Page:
Behavior Change
Global Investors Urging Food, Beverage Companies to Better Manage Water Risks

Amid growing concerns over escalating water scarcity and pollution risks, more than 60 leading North American and European institutional investors, collectively managing $2.6 trillion in assets, sent joint letters to 15 food and beverage companies last week calling for increased water risk management and disclosure practices.

The letters were sent to companies including Archer Daniels Midland Co, Dean Foods, Dr Pepper Snapple Group, Monster Beverage, Tyson Foods and Kraft Heinz Co, identified as poor performers on water management issues.

“We … believe that global water risk management is a critical aspect of financial risk oversight in the food and beverage sector,” say the letters, which were coordinated by the nonprofit sustainability organization Ceres, with support from the Interfaith Center on Corporate Responsibility and the United Nations-supported Principles for Responsible Investment. “These threats can, and already are having profound near-term business impacts on food and beverage companies that are disrupting operations and supply chains, increasing capital expenditures and operating costs, and constraining revenue growth.”

“Many food sector executives are holding onto a mistaken view that water will forever be cheap and limitless, ” said Brooke Barton, senior water program director at Ceres, who co-authored a recent Feeding Ourselves Thirsty report, which gave the companies low scores on their water performance. “But the era of cheap, plentiful water is coming to an end, and, more than ever, food companies need to address it.”

Read an example of the full letter, complete list of signatories and list of companies that received the letter.

This year, the World Economic Forum ranked water crises as a top global risk. The food sector, which uses 70 percent of the world’s freshwater supplies, according to the United Nations, is especially exposed due to its reliance on water as both a direct ingredient and as an input to agricultural commodity production. Growing competition for water, weak regulations, aging water infrastructure, water pollution and climate change are having increasingly adverse affects across the food industry, from supply chains to direct operations.

Increasingly, it’s affecting financial bottom lines. Last week, Tyson Foods announced layoffs, a beef processing plant shutdown in Iowa and disappointing quarterly earnings due to reduced cattle herds from prolonged dry conditions in the Southwest U.S. Cargill also reported reduced earnings this month, in part due to the four-year drought and major impacts on beef production. And earlier this year, Illovo, a South African sugar producer, shut down a large sugar mill as drought was predicted to reduce $81 million in local production.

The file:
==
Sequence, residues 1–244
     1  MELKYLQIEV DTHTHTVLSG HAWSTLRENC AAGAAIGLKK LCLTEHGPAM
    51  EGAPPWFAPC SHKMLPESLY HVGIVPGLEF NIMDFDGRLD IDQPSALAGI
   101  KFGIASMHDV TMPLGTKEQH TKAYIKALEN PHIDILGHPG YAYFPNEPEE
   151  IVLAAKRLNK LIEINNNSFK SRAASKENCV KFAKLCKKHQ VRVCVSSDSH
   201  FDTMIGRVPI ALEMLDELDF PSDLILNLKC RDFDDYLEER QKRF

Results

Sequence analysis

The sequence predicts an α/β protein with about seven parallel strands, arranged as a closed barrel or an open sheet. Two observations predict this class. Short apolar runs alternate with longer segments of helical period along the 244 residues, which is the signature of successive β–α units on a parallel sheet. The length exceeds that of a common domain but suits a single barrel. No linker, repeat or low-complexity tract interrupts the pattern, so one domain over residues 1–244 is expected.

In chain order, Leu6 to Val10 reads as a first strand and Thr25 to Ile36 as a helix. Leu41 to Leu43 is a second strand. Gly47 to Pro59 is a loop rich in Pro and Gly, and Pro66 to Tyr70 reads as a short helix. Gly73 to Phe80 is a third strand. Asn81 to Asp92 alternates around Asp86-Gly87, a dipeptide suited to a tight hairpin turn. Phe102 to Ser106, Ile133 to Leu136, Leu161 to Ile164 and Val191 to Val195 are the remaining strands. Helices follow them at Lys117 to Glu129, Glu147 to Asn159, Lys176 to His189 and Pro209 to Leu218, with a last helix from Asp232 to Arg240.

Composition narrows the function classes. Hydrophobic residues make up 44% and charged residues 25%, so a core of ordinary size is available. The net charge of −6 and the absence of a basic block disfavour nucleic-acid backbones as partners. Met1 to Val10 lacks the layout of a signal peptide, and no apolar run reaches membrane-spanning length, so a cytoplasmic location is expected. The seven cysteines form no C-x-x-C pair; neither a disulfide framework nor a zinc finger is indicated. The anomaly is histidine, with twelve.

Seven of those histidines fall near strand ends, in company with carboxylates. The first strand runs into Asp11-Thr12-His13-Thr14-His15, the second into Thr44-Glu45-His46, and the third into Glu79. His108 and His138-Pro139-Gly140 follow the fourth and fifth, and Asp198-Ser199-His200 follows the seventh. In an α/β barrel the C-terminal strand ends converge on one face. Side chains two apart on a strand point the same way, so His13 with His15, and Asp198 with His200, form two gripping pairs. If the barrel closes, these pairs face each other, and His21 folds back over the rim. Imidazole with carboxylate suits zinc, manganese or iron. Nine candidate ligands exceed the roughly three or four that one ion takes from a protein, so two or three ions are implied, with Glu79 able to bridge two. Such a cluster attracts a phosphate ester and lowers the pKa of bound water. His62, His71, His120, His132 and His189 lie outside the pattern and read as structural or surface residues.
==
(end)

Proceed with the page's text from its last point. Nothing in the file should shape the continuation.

Limited freshwater supplies can lead to rationing and abrupt water rate hikes as competition for water increases worldwide. Interruptions in production can also increase operating costs if alternative water sources need to be found. Community resistance to corporate use of scarce groundwater resources can also lead to reputational risks.

“Global food companies need to step up their risk management of both water scarcity and water pollution,” said Stu Dalheim, VP of Shareholder Advocacy at Calvert Investments, with 13 billion in assets under management. “Beyond concerns about quarterly returns, our global food supply and water security is at risk.”

Water pollution is another growing problem. Fertilizer runoff from farms is the most significant source of water pollution in the U.S. and can create toxic algal blooms that trigger oxygen-deprived “dead zones.” Lake Erie’s ongoing algae bloom is expected to be the most severe in recent years, according to the National Oceanic and Atmospheric Administration, and the current “dead zone” in the Gulf of Mexico is larger than Connecticut and Rhode Island combined.

“Pollution from farm runoff poses environmental, reputational and financial risk to food companies, especially those in the meat industry,” said Mary Beth Gallagher, acting director of the Tri-State Coalition for Responsible Investment. “We’d like to see exposed companies outline specific practices for improving water quality for their facilities, their contract facilities and their suppliers to reduce the impacts of their operations on the right to water in nearby communities.”

The 15 companies receiving letters were selected based on their relatively low water management risk scores in the Feeding Ourselves Thirsty report. Of the 31 publicly traded U.S. companies evaluated in Ceres’ report, 90 percent cite water as a material risk in their 10-K filings, yet only 30 percent indicated that water risks were part of major business planning activities and investment decision-making.

“Better disclosure of water risks is the first step, but ultimately we’d like to see the companies in our portfolios moving from risk to opportunity with innovative water-management strategies,” said Hervé Guez, director of research at Mirova, a subsidiary of Natixis Asset Management, which manages 3.9 billion euros, including a global water and agriculture equities fund.

Participating investors have asked the 15 companies to disclose additional water risk information to the CDP Water Questionnaire in the coming year and will be following up with company management in the coming weeks and months.


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